Three Reasons the Hotel "Do Not Disturb" Sign May Be Useless

Don't Expect Total Privacy, Even When the "Do Not Disturb" Sign Is Up

Regardless of what the sign may say, the "Do Not Disturb" sign may be ignored in certain situations.
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For some travelers, the "Do Not Disturb" sign seems like an impenetrable barrier between the outside world and the safety of the hotel room. Once the sign gets hung up, nothing can come between a traveler and their privacy.

Unfortunately for travelers, this is simply not the case. The "Do Not Disturb" sign is provided as a suggestion to hotel staff, as opposed to a mandate. In many situations, travelers may find their rooms disturbed after a day of exploration, despite their wishes.

For those travelers expecting complete privacy, it may be time to think twice about how that thin strip of plastic affects your plans. Here are three reasons the "Do Not Disturb" sign may be useless during your hotel stay. 

The Prying Eyes of Hotel Staff May Ignore the "Do Not Disturb" Sign

Although this may seem like the exception instead of the rule, hotel staff members have been known to use the guise of daily housekeeping to spy on their guests. If a shifty housekeeper thinks there could be an opportunity to take the traveler to the cleaners, then the "Do Not Disturb" sign may do nothing more than alert housekeeping that a traveler may be out of the room.

In this situation, there is not much a traveler can do to prevent hotel staff from coming into a room. However, travelers can be smart about how they leave their room before leaving for the day. By hiding valuables and utilizing the hotel safe, travelers can prevent their items from walking away.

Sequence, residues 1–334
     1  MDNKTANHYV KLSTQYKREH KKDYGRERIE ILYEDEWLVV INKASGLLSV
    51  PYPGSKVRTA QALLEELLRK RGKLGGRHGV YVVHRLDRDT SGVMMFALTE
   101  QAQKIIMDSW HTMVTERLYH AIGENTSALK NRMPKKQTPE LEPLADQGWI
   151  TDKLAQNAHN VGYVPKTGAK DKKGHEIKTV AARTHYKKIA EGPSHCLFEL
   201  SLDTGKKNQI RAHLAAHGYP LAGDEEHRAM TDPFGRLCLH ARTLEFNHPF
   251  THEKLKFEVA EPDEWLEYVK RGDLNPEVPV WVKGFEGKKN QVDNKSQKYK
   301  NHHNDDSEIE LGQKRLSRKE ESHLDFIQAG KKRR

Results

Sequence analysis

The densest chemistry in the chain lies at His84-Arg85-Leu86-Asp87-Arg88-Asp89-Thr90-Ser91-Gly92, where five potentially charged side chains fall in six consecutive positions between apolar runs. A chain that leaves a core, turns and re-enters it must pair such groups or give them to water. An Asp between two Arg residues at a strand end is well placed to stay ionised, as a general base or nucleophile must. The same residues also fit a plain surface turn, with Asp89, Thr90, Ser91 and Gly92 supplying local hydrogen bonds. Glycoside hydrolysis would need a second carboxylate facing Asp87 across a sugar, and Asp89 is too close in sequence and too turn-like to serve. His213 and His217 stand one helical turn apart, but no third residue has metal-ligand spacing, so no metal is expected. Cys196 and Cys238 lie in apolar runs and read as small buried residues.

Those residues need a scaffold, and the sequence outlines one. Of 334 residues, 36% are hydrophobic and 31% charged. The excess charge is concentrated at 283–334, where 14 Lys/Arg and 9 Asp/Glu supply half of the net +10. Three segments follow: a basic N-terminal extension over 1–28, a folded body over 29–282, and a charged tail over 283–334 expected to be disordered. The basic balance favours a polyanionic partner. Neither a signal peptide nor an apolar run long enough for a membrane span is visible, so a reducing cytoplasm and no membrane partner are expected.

Service Needs to Clean Rooms Based on Hotel Policy

While daily cleaning may not be required, housekeepers may invite themselves in to preemptively clean rooms despite the "Do Not Disturb" sign. As one blogger notes, some hotels pay their housekeepers by the rooms they clean, meaning that they won't get paid for rooms with the "Do Not Disturb" sign.

In other situations, hotel management may ask a housekeeper to clean a room after a complaint from a guest, despite the fact they put the "Do Not Disturb" sign up to begin with.

If a traveler does not want their room cleaned while they are away, one method to make sure their room stays undisturbed is to specifically request the front desk to not clean their room. If the guest comes back to a clean room, they can take their complaint to the hotel's general manager for resolution. As a matter of etiquette: those travelers planning to stay in a dirty room for your entire stay may want to give the maid a bigger tip at the end of your stay for their lost productivity and the bigger mess left behind.

Management Has Reason to Be Concerned About the Occupants​

Even though hotel management will often honor the "Do Not Disturb" sign, there are certain situations where that request is not feasible. If a manager has reason to believe a crime or crisis is taking place in a hotel room, they reserve the right to enter the room themselves or allow law enforcement to enter the room.

This does not mean that a hotel manager can enter a room for any reason and call it an "emergency." Rather, hotel protocols require certain criteria to be met before entering a hotel room.

For example: if a staff member receives complaints of loud and prolonged arguments, loud noises coming from a room, or the call system shows an emergency number was dialed, then hotel staff may either attempt to intervene, or allow law enforcement to enter to diffuse the situation.

While the "Do Not Disturb" sign may seem like the best solution for peace and quiet, it may sometimes only be as good as the plastic it is printed on. By understanding why the invisible barrier may be crossed, travelers can better prepare themselves to keep their rooms peaceful as they travel.